Lucinda Sage-Midgorden © 2016

Curiosity and Wonder

Taj Mahal at sunset
Taj Mahal at sunset

“I think, at a child’s birth, if a mother could ask a fairy godmother to endow it with the most useful gift, that gift should be curiosity.” –Eleanor Roosevelt

“Satisfaction of one’s curiosity is one of the greatest sources of happiness in life.” –Linus Pauling

“Curiosity is one of the forms of feminine bravery.” –Victor Hugo

Wonder and curiosity have been a part of my life since I was very young. I remember as a girl sitting for a very long time looking at what I thought were Fairy footprints in the dirt in the empty lot across from our house. The other kids poo pooed my assertion that the marks were indeed made by Fairies and ran off to play war. But I saw Fairy prints because my parents had been reading us stories from a volume of Grimms’ Fairy Tales, and I was convinced they really existed.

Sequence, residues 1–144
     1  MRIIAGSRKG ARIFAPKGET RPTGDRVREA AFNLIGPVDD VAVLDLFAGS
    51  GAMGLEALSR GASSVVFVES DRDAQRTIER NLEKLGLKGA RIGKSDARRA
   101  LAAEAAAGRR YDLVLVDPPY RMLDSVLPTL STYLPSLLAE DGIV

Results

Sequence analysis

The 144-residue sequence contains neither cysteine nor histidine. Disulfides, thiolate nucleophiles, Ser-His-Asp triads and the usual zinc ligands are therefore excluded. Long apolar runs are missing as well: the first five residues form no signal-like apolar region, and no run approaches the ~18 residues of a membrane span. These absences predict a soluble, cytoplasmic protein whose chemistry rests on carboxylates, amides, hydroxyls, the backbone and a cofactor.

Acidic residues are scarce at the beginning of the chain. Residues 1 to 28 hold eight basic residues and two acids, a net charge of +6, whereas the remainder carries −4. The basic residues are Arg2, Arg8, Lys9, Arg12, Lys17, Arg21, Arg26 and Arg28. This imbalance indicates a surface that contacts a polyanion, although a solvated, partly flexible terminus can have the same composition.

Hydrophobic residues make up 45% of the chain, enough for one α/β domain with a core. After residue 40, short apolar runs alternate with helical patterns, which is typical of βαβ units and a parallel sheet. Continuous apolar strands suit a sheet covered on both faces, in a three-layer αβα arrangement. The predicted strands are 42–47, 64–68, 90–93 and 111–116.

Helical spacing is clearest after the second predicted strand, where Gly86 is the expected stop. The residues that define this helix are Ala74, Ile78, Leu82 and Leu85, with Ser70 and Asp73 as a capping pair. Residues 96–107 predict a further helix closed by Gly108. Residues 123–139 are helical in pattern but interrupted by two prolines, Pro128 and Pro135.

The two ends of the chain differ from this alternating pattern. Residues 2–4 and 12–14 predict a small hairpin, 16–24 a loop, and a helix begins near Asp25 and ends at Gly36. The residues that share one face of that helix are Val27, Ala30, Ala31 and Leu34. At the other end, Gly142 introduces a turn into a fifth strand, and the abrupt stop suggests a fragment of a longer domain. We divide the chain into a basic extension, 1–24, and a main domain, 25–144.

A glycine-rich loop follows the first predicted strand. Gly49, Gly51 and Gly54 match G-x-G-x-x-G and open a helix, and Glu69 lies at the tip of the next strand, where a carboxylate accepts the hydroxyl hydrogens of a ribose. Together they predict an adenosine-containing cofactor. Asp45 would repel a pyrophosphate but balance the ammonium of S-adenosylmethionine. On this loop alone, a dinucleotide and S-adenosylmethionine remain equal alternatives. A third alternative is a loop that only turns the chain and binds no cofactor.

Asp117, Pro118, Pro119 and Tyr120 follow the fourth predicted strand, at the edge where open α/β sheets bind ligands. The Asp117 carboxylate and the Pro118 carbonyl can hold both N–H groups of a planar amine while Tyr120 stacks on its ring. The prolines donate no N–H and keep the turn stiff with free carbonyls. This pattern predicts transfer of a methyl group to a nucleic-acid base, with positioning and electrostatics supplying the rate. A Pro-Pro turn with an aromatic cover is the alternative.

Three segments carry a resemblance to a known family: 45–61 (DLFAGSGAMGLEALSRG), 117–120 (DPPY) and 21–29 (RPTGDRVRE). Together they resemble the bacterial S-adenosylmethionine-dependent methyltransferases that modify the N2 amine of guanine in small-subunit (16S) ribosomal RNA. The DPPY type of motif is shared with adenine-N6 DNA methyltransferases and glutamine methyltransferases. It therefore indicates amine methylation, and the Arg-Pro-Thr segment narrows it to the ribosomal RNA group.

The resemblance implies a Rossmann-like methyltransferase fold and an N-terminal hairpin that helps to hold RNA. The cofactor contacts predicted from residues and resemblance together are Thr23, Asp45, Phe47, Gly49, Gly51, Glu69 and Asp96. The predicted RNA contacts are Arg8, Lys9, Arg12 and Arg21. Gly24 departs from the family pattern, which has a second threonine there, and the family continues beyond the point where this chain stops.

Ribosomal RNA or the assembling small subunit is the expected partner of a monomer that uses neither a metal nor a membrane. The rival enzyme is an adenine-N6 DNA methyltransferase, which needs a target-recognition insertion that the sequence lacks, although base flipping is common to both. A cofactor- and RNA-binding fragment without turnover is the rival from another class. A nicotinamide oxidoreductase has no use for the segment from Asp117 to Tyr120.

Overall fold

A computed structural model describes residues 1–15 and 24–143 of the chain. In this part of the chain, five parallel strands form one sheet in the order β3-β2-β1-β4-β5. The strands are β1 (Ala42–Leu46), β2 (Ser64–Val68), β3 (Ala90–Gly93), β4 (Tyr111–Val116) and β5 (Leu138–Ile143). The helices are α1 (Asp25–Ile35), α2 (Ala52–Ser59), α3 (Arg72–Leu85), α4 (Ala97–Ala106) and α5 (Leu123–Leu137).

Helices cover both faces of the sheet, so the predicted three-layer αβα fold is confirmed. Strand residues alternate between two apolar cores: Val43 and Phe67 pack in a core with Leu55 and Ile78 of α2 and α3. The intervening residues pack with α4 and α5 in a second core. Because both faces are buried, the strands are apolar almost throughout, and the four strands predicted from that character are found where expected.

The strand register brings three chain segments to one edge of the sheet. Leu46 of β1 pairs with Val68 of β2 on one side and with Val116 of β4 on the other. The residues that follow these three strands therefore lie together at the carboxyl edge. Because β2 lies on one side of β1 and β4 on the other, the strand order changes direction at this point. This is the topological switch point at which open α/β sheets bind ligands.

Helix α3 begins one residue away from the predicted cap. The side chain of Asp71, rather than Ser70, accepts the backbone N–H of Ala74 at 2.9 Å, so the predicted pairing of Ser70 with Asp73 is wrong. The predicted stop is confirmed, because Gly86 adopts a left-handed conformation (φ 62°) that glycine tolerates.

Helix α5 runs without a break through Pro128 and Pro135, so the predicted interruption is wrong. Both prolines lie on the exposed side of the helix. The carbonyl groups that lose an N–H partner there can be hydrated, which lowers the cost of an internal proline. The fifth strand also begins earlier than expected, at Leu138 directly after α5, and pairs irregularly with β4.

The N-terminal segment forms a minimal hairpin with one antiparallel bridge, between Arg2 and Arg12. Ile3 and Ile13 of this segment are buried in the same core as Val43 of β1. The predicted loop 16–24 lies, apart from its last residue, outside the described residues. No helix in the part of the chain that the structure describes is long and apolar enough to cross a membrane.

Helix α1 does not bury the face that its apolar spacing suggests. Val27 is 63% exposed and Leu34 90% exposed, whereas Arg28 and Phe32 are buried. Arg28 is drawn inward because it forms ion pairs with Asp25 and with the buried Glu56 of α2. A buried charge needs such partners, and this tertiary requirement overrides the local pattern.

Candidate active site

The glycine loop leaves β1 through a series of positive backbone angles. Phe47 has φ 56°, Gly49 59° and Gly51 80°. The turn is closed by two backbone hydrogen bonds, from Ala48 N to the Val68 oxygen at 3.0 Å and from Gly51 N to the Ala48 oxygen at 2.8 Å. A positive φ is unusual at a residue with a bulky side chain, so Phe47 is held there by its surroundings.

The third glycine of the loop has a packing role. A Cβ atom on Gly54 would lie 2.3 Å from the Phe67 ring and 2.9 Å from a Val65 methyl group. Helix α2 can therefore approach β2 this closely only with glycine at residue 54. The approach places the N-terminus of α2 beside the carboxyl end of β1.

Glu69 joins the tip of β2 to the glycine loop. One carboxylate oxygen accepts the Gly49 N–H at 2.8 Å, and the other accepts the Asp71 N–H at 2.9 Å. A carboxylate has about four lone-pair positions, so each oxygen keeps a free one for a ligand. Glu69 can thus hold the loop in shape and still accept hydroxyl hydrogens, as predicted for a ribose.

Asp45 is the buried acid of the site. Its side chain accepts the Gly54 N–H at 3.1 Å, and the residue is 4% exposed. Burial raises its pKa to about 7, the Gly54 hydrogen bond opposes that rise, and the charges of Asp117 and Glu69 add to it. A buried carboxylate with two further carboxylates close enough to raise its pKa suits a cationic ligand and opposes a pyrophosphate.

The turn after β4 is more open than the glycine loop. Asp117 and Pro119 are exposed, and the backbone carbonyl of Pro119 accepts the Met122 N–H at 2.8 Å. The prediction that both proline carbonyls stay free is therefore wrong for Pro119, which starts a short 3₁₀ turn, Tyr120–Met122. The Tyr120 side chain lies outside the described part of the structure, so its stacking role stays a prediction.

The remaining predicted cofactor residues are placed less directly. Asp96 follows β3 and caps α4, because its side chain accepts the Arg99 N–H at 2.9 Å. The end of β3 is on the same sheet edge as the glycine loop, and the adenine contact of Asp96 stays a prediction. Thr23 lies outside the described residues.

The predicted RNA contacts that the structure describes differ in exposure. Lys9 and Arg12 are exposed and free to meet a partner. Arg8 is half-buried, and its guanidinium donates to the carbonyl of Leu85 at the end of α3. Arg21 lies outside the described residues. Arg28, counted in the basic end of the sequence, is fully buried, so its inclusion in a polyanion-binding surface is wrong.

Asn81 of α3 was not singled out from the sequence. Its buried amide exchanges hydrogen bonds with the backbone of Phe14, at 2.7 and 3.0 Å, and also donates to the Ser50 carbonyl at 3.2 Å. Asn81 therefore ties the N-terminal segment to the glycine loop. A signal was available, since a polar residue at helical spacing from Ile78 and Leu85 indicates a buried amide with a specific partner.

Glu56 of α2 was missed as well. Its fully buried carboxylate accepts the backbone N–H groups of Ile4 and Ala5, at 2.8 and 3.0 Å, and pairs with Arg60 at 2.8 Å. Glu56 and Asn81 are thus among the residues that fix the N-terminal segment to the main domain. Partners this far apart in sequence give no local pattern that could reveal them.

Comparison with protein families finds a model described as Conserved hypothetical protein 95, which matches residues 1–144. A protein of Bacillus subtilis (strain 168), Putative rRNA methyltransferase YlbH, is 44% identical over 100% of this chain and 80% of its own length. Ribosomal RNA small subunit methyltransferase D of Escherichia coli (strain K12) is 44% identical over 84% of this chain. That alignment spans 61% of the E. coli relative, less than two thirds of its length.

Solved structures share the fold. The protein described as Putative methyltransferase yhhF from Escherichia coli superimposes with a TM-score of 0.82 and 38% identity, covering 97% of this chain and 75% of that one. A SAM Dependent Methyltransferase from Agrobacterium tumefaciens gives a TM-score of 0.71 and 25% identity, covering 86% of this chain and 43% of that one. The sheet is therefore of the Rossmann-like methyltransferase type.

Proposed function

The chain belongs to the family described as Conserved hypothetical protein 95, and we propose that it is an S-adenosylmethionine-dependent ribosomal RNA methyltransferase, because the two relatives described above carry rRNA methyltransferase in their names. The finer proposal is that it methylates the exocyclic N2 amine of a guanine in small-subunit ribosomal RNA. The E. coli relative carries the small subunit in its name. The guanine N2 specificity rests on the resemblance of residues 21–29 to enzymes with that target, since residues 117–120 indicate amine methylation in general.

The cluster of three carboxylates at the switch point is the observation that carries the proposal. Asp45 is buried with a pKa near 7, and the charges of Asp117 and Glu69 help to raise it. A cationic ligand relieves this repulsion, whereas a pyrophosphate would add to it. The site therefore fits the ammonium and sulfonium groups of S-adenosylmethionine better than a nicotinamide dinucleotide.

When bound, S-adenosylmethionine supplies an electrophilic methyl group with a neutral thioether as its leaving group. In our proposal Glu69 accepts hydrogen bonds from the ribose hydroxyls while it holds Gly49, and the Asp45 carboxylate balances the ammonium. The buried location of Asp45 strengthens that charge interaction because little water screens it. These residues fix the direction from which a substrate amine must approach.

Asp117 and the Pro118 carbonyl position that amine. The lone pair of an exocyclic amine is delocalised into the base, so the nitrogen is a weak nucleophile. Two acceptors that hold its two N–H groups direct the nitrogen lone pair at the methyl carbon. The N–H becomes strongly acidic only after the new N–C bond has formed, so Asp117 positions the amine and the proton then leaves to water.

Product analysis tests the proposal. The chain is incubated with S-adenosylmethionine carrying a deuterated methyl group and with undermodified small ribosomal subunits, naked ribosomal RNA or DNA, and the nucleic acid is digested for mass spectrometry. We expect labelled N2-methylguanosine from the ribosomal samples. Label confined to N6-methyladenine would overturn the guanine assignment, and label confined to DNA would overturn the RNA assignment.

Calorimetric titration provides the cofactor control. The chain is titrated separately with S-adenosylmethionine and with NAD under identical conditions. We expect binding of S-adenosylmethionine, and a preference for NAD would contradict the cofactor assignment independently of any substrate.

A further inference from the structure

Because of my parents, I grew up with a sense of curiosity and wonder about the world around me. I came by it naturally. Both mom and dad believed in the unseen world. But my father particularly wanted to know about everything. Even though he dropped out of school he read voraciously, and paid attention to current events. That’s why we were watching as the first man stepped foot on the moon, and saw the horrors of war, and all the assassinations that took place during the 60s. When you’re curious, you have to take the good with the bad.

To me curiosity and wonder are a major component of creativity. Maybe I think that because of my parents, but just think of it, would humans be where we are today without curiosity? Would there be art, science, music, social structures, civilizations, religions, philosophies, or technology without wonder and curiosity? There are always more things to learn, more things to create and discover. There are always deeper interactions between humans that can be achieved if we use our curiosity.